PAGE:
In my own search for purpose, I found these. They inspired me and made me think. I hope they do the same for you. I included references and my notes of what I consider their salient points.
Stop Searching for Your Passion
Terri Trespicio, TEDxKC, Sep 14, 2015
My notes from her address:
A common worry: “We don’t know what we’re passionate about. We don’t know what we’re supposed to do.”
Passion is not a plan, it’s a feeling, and feelings change.
Passion is the sparks that ignite when you start rubbing two sticks together.
You don’t create your life first and then live it, you create it by living it.
Scott Adams, writer and author of the Dilbert comic strip, says he failed his way to success. “Success fuels passion more than passion fuels success.” (See the next section.)
People want this stuff – they’re willing to pay for it.
Passion is giving the full force of you attention and energy to whatever’s right in front of you.
The most fulfilling relationships, the most fulfilling careers are those that still have the power to surprise you.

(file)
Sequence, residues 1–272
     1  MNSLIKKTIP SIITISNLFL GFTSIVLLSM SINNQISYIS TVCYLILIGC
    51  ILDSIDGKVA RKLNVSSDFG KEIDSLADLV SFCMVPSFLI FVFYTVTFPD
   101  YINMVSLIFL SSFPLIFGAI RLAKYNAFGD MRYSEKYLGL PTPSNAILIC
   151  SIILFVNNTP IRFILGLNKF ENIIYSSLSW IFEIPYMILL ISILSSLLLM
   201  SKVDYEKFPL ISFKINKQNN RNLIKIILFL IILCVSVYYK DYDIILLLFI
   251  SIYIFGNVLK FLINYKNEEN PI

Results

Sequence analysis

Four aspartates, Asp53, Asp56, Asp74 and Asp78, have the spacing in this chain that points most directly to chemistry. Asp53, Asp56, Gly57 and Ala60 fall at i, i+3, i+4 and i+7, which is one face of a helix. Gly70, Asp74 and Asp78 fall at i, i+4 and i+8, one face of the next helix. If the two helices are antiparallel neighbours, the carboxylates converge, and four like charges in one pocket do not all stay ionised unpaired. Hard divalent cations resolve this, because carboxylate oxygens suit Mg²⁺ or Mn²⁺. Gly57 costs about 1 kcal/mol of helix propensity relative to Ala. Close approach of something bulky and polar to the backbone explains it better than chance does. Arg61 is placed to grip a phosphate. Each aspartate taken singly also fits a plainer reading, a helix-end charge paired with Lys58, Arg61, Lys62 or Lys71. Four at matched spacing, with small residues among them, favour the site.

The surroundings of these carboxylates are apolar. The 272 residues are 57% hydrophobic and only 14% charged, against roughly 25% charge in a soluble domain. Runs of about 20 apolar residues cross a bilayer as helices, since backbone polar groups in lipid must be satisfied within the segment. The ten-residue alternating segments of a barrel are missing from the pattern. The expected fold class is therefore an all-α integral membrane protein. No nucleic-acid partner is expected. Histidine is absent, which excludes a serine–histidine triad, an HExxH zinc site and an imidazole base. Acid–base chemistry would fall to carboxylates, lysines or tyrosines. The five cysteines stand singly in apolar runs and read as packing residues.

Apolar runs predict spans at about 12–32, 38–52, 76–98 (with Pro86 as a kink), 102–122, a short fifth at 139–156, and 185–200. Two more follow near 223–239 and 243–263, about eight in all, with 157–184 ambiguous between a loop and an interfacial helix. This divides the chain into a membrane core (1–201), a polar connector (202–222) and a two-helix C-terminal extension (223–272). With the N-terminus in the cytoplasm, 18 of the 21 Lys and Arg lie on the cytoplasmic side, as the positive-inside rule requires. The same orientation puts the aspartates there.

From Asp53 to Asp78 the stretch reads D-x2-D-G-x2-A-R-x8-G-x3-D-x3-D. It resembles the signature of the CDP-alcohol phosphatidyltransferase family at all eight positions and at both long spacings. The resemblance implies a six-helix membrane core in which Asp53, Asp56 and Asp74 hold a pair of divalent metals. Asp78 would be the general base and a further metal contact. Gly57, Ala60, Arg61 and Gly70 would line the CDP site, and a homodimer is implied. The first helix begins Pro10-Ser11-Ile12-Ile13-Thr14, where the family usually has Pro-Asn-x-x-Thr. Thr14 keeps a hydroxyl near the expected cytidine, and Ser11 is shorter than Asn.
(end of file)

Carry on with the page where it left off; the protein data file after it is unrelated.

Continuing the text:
Be useful, be generous. People will thank you for it and hug you and pay you for it. And that’s where passion is, where your energy and effort meets someone else’s need.
Just start doing. Because to live a life full of meaning and value, you don’t follow your passion, your passion follows you.
How to Fail Your Way to Success
‘Dilbert’ Creator Scott Adams, US News and Word Report, 12 Dec 2013
Success causes passion more than passion causes success.
Passion might be the least useful predictor of success. And in the worst case, passion keeps you from bailing out of a doomed venture at the right time.
So forget passion. You need a system that moves you from a place with bad odds to a place with better odds. For example, you don’t need to be passionate about going to college, but a college degree greatly improves your odds of career success.
If you combine several “good enough” skills, it can make you surprisingly valuable. In my case, I’m not a world-class artist or writer. I’m a mediocre businessman, and I’m often not the funniest person in the room. But the combination of those “good enough” skills was sufficient to create “Dilbert.”
On a smaller scale, learning a second language or honing your public speaking skills to “good enough” can make you the obvious choice to manage folks who have fewer skills.
How Do You Define Yourself?
Lizzie Velasquez, TEDxAustinWomen, Jan 16, 2014
The entire talk is eye-opening, emotional, and inspirational. Her message applies universally. I only included two quotes:
Brave starts here.
I’m going to let my goals and my success and my accomplishments be the things that define me.